SUN DAMAGE RECOVERY: PART 2 Understanding Hyperpigmentation

Your skin is your largest organ. At The Skin Center, we strive to help you develop a healthy relationship with your skin. Our goal is not only to treat skin problems, such as hyperpigmentation, but to help you prevent them. And since knowledge is power, it helps to understand some skin basics.

The undisputed #1 cause of premature aging is “sun damage” which is the catch-all term for dry, wrinkly skin, often prone to “hyperpigmentation.”


Hyperpigmentation is the darkening of an area of the skin caused by the overproduction of melanin. Melanin is a pigment that is secreted by melanocytes. It’s what gives human hair, skin and eyes their color, based on thousands of years of adapting to a certain geographic location. Dark-skinned people have more melanin in their skin than light-skinned people.

Our skin is made up of several layers: the hypodermis (inner), the dermis (middle), and the epidermis (outer). Melanin is located in the outer-most layer, the epidermis. It is here that the melanocytes produce the melanin, which results in the specific color of the skin.

Melanin also serves as our body’s natural sun protectant. When skin is exposed to long-term UV rays, melanocytes are triggered to produce more melanin.

Essentially, a “tan” is the skin trying to protect itself. Yet a tan frequently causes hidden damage that surfaces years later, in the form of splotchy patches of hyperpigmentation we sometimes refer to as age spots, sun spots or freckles.


Melanin is also responsible for the discoloration of the skin that can occur as a result of trauma from burns, cuts and acne lesions. These are wounds that heal over time, leaving behind post-inflammatory pigmentation.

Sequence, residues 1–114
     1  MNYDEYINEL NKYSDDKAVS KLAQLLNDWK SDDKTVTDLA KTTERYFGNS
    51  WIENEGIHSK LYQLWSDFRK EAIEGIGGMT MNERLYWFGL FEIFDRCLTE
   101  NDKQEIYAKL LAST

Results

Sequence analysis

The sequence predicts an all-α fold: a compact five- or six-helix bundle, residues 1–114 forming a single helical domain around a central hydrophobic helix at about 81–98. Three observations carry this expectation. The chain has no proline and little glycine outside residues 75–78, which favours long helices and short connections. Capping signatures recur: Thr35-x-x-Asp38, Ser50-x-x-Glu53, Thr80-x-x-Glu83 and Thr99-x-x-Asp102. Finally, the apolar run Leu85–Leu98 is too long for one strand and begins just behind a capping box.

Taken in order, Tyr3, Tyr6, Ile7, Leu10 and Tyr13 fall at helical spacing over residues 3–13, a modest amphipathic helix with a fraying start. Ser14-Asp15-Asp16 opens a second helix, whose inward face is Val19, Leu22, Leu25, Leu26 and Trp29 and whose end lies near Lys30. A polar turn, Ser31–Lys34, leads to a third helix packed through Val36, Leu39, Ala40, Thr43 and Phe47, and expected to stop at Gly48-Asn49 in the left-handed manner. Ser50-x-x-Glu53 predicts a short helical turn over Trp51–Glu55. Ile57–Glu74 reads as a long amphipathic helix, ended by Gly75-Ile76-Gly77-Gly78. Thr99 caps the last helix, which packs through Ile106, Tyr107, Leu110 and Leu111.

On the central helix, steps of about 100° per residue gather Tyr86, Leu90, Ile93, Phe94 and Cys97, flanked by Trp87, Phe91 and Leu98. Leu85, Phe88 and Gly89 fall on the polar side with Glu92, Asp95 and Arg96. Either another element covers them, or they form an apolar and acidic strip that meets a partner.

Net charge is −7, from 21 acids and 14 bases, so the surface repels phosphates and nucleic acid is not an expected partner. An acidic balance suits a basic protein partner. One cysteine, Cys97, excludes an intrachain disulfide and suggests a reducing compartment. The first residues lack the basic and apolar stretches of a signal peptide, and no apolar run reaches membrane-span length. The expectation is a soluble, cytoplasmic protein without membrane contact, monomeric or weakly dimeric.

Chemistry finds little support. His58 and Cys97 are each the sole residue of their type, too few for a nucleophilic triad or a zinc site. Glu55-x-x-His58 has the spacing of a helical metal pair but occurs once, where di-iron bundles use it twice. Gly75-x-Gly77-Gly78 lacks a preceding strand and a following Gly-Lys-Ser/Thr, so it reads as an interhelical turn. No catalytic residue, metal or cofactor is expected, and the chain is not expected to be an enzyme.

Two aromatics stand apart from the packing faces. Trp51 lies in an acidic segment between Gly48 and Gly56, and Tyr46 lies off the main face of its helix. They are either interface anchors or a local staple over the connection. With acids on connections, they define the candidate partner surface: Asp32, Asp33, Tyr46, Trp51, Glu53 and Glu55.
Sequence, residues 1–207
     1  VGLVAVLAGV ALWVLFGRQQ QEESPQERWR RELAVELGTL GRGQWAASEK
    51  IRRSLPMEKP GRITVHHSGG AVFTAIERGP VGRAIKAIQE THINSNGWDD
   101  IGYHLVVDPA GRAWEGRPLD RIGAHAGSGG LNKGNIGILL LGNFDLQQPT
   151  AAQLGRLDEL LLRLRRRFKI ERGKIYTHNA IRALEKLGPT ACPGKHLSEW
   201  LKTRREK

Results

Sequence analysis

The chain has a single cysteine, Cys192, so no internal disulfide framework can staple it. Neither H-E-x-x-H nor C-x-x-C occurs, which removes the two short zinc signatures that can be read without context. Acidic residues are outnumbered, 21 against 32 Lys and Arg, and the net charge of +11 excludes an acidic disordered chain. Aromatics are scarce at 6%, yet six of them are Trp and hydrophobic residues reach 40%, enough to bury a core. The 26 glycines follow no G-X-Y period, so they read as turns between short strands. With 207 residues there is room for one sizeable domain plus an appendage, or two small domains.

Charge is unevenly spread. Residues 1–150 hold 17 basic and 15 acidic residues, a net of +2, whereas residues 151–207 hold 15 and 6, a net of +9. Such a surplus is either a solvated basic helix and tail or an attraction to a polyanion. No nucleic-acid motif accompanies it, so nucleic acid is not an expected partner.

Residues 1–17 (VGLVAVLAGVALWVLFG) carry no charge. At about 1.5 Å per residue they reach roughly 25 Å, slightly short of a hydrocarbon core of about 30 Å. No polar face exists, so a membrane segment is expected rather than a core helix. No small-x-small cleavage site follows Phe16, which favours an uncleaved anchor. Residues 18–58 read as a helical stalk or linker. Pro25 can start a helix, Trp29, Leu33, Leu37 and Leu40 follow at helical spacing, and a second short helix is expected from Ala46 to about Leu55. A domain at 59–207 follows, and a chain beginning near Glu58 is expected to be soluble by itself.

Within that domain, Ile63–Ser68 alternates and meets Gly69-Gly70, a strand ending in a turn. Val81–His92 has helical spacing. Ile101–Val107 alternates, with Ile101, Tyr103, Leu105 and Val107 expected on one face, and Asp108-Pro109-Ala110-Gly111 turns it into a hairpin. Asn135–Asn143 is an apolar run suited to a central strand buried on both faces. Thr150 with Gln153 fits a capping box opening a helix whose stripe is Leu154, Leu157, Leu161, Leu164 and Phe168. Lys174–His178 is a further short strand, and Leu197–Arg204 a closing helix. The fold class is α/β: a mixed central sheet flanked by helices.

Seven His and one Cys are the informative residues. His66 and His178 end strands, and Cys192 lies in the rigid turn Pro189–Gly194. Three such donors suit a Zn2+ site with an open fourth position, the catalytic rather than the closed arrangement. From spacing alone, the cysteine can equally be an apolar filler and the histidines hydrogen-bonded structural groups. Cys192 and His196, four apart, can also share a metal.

Hormonal fluctuations can also be blamed for unwanted facial darkening, as commonly seen with melasma, also known as “the mask of pregnancy.”


Although hyperpigmentation (no matter the cause) is a benign condition, it can be very frustrating for men and women alike. For women, makeup can help provide some coverage. Yet, there are far more effective and lasting ways to reduce and remove the effects of too much melanin.

From least to most aggressive, treatments for hyperpigmentation include:

  • Topical suppressants: Hydroquinone and kojic acid calm the melanocytes that cause dark spots. They are frequently recommended prior to treatment with laser or light therapies.
  • Chemical Peels: A Chemical Peel stimulated the growth of newer, healthy skin by stripping away outer layers and dead skin cells.
  • Microdermabrasion: Microdermabrasion stimulates new skin growth by exfoliating the outer layers with a fine spray of tiny crystals.
  • Intense Pulsed Light Therapy (IPL): IPL employs a broad spectrum of light, as opposed to a single wavelength emitted by lasers. IPL has little downtime and is effective for redness, rosacea and excess melanin (pigment) caused by sun damage. IPL uses a single wavelength of light that generally requires five or six treatments, but patients typically are pleased because there’s no downtime
  • Fraxel Laser Resurfacing: Fraxel uses a single wavelength laser beam to vaporize the skin’s outer layers. It dissolves molecular bonds and penetrates skin below the surface, stimulating collagen production. Once the skin heals, it appears brighter, softer, tighter and more even toned.


One word. SUNSCREEN!

As a writer and blogger for the The Skin Center, I’ve truly been enlightened about hyperpigmentation due to the cumulative effects of sun exposure that surface years later.

And like a reformed smoker (who has developed a highly vocal distaste for second-hand smoke) I now preach about sunscreen in an effort to save others from my freckly-fate. Numerous blogs have covered the need for broad-spectrum sunscreen as well as when and how to use it. So I won’t go into that here, except to say that we urge everyone—regardless of ethnicity, age or skin type—to use daily, year-round protection.

This is Part 2 of 4 in our SUN DAMAGE RECOVERY Series. Coming up next… Part 3: IPL, Chemical Peels and Fraxel

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